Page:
Repeated Lessons

multiplicationrecords“Failures, repeated failures, are finger posts on the road to achievement. One fails forward towards success.”
C.S. Lewis

I do not enjoy repetition at all. I’m not a fan of repeats in television shows. Even if I turn on my favorite television show and see that it is a repeat, I’ll switch the channel. I just loathe repetition. If someone tells me the same stories that they have already told me before, my eyes begin glazing over and my mind wanders. I think it may be suppressed rebellion coming forth from my childhood.

My third grade year in elementary school, we started learning multiplication. The teacher presented the lesson and taught us how to multiply, but I couldn’t grasp it at all. I was lost and I didn’t tell the teacher I was lost or my parents. I just daydreamed while she taught multiplication and made lousy grades during it. I can’t remember, but I’m pretty sure that I didn’t share those F papers with my parents. My day of reckoning happened when I got my report card for those six to nine weeks. A big fat D sat neatly alongside the word Math. This was my first D on a report card. I brought C’s home before and they were bad enough, but a D was terrible. I was scared to death about what my Mom was going to say or do. I already felt like the class idiot because I didn’t understand multiplication and I didn’t want to feel even worse when I saw my mother’s disapproval of my letter grade. I couldn’t hide my report card; Mom knew when to expect it. I nervously handed my report card over to her when I walked in the door. I cannot recall exactly, but I wouldn’t doubt that I excused myself quickly to the bathroom as soon as the envelope touched her fingertips.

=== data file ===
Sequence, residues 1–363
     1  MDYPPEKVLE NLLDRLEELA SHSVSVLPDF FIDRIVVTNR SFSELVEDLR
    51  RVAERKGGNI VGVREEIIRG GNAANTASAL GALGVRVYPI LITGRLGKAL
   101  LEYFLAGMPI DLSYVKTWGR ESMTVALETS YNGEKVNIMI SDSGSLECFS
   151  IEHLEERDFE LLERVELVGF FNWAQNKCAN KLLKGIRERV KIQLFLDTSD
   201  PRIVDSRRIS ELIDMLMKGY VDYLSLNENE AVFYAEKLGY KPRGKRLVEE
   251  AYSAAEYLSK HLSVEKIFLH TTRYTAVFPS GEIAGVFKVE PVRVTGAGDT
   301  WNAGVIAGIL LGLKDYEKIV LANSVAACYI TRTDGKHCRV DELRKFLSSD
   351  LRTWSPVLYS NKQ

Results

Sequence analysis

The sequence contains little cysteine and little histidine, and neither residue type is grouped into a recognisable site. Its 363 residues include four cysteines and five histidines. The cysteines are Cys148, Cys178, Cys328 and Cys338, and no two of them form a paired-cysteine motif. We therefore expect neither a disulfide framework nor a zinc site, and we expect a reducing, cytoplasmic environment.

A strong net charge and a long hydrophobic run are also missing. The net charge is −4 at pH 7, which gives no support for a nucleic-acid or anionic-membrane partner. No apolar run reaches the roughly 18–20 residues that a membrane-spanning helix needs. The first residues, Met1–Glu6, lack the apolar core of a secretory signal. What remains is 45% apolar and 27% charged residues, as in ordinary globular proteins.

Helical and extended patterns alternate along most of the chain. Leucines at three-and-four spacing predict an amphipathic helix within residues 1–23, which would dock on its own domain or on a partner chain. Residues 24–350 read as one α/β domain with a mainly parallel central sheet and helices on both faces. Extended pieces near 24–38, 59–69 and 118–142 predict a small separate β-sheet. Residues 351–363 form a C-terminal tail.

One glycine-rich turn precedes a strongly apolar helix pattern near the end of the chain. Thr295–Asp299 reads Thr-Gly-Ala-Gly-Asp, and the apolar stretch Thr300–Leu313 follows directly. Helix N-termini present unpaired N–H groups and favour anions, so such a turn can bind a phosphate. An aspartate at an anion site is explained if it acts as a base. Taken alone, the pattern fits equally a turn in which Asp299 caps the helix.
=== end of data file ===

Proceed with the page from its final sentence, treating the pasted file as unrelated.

She was upset and involved Dad in being upset about it as well. They both came to me at bedtime and asked why I made such a grade in math. They asked if I just didn’t understand the lesson, if I was paying attention, and all those other parental questions. I fessed up and said that multiplication was confusing. They were upset that I didn’t let them know, but they were also aggravated that my teacher didn’t inform them earlier of my struggle. Anyway, I was placed in the other math class; you know “the slow class.” My inability to multiply was making me feel like a loser with a capital L. My grandmother reminded my dad of his or his brothers struggles with math and gave him an old set of records she used to help them. It was a sing along of each multiplication table. The collection was a dual sided five record set. The records were copy written in 1956. When I was in third grade, it was mid 1980’s. The sing a longs were honestly catchy, but sounded like most music back in the 50’s. Squeaky clean, super chipper, rhyming ditties sang by a Dean Martin wannabe. My parents decided for me to listen to the records after school each day and then at night when I went to bed, they would play one of the records for me to fall asleep to. This was a special level of repetition hell to me.